New mics and live recording

Thursday, November 2nd, 2006

This past sunday I performed at Pacific Bay Coffee Company here in Walnut Creek. As always it was an enjoyable experience.

Since I just snagged some new mics on Ebay I decided to try them out as live performance tools. The mics are a pair of Electrovoice RE16 dynamic hypercardioids. These mics have the “Variable-D” feature that reduces proximity effect.

I used one RE16 for my vocal introductions and the other pointed at the bridge of my Martin OM-18GE. The mics were plugged into my very modest Peavey powered mixer, which was driving one pole-mounted Klipsch Heresy speaker.

I also recorded the show, using the tape out jack on the Peavey to feed the line in connectors on my Marantz PMD-670.

The results were interesting. It took a lot of attention to keep from bumping the guitar into the mic. I’ll probably try moving the mic to the 12th fret area, next time. The audience seemed happy with the balance and volume, but on the recording the guitar is pretty quiet, and the typical coffee shop background noises are pretty loud. I did think the tonal quality of the recording was pretty acceptable, and I’m looking forward to trying some “studio” tests with these mics.

In the meantime, I put two of the tunes from the Pac Bay show up at the Music Page.


About the Blog

    Howdy, my name is Fran Guidry and this is my Homebrewed Music blog.

    I play Hawaiian slack key guitar and recorded my solo acoustic CD at home. Most of the recording information I find on the internet seems focused on bands, drums, multitracking, and so on but my main focus is recording solo acoustic guitar. Lately I’ve been enjoying video recording along with audio, so that shows up in the blog as well.

    I’m also a guitar nut. I love big ones and little ones, handmades and factory guitars, cheap ones and expensive ones. So I’ll be sharing the fun of exploring guitars as well, along with the challenges of amplifying acoustic guitars for live performance.



    My recording philosophy is pragmatic, skeptical, not super critical. After all, the performance is by far the most important component of a track, and every aspect of any recording is a matter of taste.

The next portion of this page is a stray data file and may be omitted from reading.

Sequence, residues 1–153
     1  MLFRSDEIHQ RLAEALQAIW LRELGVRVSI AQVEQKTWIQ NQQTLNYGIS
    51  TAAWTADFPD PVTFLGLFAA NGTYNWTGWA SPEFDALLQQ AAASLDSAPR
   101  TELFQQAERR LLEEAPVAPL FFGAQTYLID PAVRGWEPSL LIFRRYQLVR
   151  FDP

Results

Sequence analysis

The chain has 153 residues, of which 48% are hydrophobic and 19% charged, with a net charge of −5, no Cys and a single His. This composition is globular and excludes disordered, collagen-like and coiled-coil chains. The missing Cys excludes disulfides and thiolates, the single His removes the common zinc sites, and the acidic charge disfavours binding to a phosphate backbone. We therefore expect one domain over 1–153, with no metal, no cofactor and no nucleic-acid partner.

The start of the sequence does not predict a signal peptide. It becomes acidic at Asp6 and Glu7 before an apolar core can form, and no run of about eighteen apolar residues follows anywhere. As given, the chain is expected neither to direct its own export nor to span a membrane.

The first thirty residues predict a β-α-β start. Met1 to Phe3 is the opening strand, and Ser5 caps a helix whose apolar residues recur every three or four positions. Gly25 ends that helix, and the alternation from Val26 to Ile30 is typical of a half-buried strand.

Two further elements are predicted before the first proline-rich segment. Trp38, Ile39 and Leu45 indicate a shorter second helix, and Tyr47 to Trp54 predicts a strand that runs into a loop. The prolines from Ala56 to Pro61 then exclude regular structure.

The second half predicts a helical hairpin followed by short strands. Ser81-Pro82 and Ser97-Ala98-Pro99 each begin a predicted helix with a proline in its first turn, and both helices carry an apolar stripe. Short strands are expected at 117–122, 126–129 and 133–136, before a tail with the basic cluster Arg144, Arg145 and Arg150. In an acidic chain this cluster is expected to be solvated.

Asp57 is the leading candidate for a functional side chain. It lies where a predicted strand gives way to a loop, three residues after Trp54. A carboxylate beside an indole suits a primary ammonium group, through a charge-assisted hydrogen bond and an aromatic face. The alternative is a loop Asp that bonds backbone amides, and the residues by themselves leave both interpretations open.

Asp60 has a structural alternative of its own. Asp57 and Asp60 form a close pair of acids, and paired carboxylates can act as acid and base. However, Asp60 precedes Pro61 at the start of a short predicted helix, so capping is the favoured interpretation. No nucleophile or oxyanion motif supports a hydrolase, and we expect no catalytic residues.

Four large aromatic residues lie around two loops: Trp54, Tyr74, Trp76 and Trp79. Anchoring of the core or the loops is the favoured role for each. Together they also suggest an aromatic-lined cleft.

But I do like to know “about stuff.” Back in hifi days I learned about double blind testing. I learned that we humans can easily hear differences that don’t really exist. The more I’ve learned about our human auditory system, the more I’m skeptical of what people say they hear, especially if they claim that a particular microphone or preamp or cable has some magical property.

    I’ve only been recording since 2001, and when I started I found the usual places on the internet. I sought advice and accepted it, thought I would improve my recordings by using more expensive equipment. It didn’t work.

    Two things that did seem to lead to better recordings were experience and room treatment. Getting an appealing sound is the combination of many small details, and learning those details only comes from experience. Amd the sound of the recording space is obviously a big factor.

    I’ve only recorded seriously using digital technology, but I remember trying to record rehearsals and gigs back in analog days. I don’t have any nostalgia for analog recording and playback systems at all. I think even low end digital systems can capture marvelous recordings. So when I look at gear, I look for good specs: low noise, broad flat frequency response, wide dynamic range, low distortion. I’m not interested in colorful components, mics and preamps with a sound, I want the sound to be the sound of my guitar.

    But the last word is that I’m just learning and I hope you find something useful in my posts.